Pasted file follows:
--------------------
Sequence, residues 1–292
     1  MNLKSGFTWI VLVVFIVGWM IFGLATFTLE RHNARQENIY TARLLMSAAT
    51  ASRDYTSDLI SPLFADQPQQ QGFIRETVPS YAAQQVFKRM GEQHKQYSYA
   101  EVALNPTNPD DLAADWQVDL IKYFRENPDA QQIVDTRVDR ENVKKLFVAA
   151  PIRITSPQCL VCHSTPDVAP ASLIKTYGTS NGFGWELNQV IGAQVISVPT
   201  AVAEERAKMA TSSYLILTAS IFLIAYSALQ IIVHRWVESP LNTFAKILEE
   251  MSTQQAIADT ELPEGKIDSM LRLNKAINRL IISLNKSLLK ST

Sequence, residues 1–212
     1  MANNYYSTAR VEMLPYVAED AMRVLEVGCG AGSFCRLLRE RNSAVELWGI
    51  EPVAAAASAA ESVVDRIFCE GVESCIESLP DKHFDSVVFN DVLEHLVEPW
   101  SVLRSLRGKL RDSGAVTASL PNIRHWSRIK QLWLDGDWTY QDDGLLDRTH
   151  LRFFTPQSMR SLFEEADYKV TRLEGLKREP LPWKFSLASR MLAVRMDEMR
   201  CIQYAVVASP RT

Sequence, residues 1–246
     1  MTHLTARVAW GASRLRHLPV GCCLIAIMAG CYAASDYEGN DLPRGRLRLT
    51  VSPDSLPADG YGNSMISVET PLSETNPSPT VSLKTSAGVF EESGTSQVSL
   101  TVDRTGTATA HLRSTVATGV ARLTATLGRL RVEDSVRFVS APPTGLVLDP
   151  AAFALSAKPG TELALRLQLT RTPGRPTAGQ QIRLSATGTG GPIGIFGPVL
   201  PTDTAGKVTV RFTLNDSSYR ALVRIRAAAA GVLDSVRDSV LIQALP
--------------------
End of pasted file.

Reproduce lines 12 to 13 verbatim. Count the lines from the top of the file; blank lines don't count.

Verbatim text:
   151  LRFFTPQSMR SLFEEADYKV TRLEGLKREP LPWKFSLASR MLAVRMDEMR
   201  CIQYAVVASP RT